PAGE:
The complete Brahms violin sonata cycle from David Oistrakh shines in live concert performances from Prague and Moscow.

BRAHMS: Scherzo in c minor, WoO 2; Violin Sonata No. 1 in G Major, Op. 78 “Regenlied-Sonata”; Violin Sonata No. 2 in A Major, Op. 100 “Thun”; Violin Sonata No. 3 in d minor, Op. 108 – David Oistrakh, violin/ Frida Bauer & Sviatoslav Richter, p. (Scherzo, Op. 100) – Praga Digitals PRD 250 321, 73:38 (2/19/16) [Distr. by Harmonia mundi] ****:  

Russian violin master David Oistrakh inscribed his live Brahms works over the course of six years, 1966-1972, in concerts alternating between Prague and Moscow.  Oistrakh opens (8 December 1968, Moscow) with the 1853 Scherzo that formed  a part of the so called F-A-E Sonata that Brahms, Albert Dietrich, and Robert Schumann co-created for their mutual friend Joseph Joachim.  Oistrakh and Richter strike a potent, slashing tone throughout the movement, although its tender episodes enjoy a sympathetic pathos.

The musical scene switches to Prague (17 May 1972), where Oistrakh and Frida Bauer collaborate on the 1878 G Major Sonata. The transparent theme, based on the Op. 59, No. 3 “Regenlied,” gains volume and momentum from both performers, gravitating to a fateful d minor. The autumnal melancholy has its complement in the rhythm, which hints at a barcarolle. Bauer’s liquid playing haunts us as much as Oistrakh’s impassioned flights of emotion. The coda enjoys a suave momentum, vivid in breadth and ardent closure, reaping the briefest of applause from one rapt listener. The equally lachrymose E-flat Adagio soon assumes a martial tone in b minor, a procession of stoic melancholy.  Oistrakh’s sense of line remains ardent, without sag, and his violin tone captures the full value of each note – including “symphonic” double notes – as it emerges. The last movement combines sonata-form and rondo, once more utilizing aspects of the “Regenlied” motif. Oistrakh and Bauer urge the melodic content along briskly, increasing the emotional turbulence as it ebbs and flows. We recall that the work meant to serve as a personal requiem for Felix Schumann, the composer’s godson, whose death at age twenty-four robbed music and poetry of a gifted artist.
We return to Moscow (29 March 1972) for Oistrakh’s collaboration with Richter once more here in the A Major Sonata Brahms wrote in 1886. Although designated Allegro amabile, for the first movement, Oistrakh and Richter realize the music rather more agitato, as the melody – later utilized in the lied Wie Melodien zieht, Op. 105, No. 1 – moves into ¾. Some attribute the ballade character of the movement’s third tune to Walther’s Prize Song  from Die Meistersinger, which Brahms admired for its contrapuntal acumen. Richter’s steely patina virtually collides with Oistrakh’s conciliatory tone to produce the elusive, often anomalous affect that marks late Brahms. The five-episode Andante tranquillo combines a slow movement with a scherzando. Oistrakh takes a passionate, albeit whimsical approach to this music, often rife with bitter-sweet nostalgia. The A Major Allegro grazioso, 2/2, presents us a rhapsodic rondo in which the keyboard often displays chromatic turns of a restrained passion, expressed in Richter’s clarion chords.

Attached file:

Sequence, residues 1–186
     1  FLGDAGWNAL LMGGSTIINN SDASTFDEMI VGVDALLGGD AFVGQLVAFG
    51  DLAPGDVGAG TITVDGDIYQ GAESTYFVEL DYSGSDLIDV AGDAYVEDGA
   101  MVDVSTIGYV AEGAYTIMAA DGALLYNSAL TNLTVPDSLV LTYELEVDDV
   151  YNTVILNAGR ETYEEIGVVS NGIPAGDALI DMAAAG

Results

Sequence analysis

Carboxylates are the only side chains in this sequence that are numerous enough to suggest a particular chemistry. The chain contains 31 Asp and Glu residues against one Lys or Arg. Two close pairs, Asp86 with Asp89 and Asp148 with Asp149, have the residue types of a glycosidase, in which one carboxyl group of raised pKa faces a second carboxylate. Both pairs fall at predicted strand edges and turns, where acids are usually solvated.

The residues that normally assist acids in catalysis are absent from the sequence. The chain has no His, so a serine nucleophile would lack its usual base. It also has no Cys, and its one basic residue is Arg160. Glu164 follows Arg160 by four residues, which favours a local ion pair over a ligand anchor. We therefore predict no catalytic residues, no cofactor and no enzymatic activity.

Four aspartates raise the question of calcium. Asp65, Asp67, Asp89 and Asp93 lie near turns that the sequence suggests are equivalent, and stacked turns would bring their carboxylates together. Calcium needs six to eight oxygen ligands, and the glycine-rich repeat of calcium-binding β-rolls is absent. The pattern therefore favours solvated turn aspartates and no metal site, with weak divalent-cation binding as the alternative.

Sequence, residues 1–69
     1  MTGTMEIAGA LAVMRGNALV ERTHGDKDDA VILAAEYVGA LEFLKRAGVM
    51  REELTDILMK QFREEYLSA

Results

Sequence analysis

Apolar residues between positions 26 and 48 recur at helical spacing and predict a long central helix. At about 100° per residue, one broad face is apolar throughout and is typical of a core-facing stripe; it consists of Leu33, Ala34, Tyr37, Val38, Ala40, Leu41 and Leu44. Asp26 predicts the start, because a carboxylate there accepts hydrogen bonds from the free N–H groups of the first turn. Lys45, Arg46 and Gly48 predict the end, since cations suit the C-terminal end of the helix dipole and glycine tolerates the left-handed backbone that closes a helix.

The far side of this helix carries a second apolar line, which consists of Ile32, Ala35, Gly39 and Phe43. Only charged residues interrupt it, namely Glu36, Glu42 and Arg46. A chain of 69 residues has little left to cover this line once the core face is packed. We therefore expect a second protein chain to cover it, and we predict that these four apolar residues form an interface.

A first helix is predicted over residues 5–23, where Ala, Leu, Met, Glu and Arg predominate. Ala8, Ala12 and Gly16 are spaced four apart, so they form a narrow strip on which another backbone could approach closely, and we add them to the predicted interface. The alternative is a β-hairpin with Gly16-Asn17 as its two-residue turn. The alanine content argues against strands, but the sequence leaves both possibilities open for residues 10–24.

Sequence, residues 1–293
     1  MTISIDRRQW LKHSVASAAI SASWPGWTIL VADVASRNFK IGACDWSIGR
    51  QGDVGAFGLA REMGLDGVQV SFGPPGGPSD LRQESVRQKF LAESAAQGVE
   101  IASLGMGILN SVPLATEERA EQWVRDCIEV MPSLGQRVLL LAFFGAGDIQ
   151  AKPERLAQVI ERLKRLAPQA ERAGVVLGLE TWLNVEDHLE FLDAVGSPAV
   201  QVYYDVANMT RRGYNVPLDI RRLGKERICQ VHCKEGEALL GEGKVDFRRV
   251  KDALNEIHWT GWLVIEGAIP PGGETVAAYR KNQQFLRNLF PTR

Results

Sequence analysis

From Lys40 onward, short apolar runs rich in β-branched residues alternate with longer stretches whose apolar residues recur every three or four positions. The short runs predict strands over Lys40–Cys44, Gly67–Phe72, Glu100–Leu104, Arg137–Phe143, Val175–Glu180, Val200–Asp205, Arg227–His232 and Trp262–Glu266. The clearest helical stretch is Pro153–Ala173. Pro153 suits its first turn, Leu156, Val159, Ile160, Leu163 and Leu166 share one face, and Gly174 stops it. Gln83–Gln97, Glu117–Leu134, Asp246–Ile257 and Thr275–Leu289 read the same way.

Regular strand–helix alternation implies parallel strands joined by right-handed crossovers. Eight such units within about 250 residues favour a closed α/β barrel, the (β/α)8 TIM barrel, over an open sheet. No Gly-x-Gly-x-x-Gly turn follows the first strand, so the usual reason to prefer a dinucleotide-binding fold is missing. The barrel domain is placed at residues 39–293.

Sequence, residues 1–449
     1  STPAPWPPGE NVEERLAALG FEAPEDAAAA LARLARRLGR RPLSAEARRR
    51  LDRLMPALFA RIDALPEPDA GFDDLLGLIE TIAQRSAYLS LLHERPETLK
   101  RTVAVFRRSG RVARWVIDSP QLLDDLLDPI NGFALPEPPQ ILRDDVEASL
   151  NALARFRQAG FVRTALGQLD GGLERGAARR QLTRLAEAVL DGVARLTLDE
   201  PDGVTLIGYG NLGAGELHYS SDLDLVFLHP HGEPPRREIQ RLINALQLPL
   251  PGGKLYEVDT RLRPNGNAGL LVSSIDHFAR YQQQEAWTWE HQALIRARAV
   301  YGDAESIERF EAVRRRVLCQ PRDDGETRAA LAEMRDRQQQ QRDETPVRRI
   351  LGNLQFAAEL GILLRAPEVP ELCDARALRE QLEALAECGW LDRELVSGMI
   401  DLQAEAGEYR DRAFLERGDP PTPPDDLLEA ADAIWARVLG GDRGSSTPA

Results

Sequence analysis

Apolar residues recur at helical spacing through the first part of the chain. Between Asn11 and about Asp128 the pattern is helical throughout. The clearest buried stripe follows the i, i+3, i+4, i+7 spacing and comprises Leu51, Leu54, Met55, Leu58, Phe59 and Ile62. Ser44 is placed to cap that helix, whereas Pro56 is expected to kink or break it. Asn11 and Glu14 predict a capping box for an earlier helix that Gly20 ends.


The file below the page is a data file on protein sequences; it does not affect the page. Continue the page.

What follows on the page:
As per expectation, the collaboration with Frida Bauer (18 May 1966) in the Brahms d minor Sonata of 1888 bristles with loving intensity tinged by a plaintive longing. Even the otherwise frolicsome Un poco presto e con sentimento third movement assumes a savage passion momentarily before returning its coquette persona.  Throughout the performance, Oistrakh’s double stops have sounded fully resonant, while Bauer’s piano part has been more than virtuosic. The impetus of the keyboard for this broad movement (337 measures) seems to borrow energies from the Beethoven Kreutzer Sonata, with dark episodes that surge furiously, especially when we consider Hugo Wolf’s nasty quip that Brahms remained incapable of exultation. Oistrakh’s capacity for sotto voce con espressivo has hardly been more fluent and intimate, especially in the first movement. The pure sympathy between performers and composer assures this rendition as one for the ages. The Prague audience seems well aware.

—Gary Lemco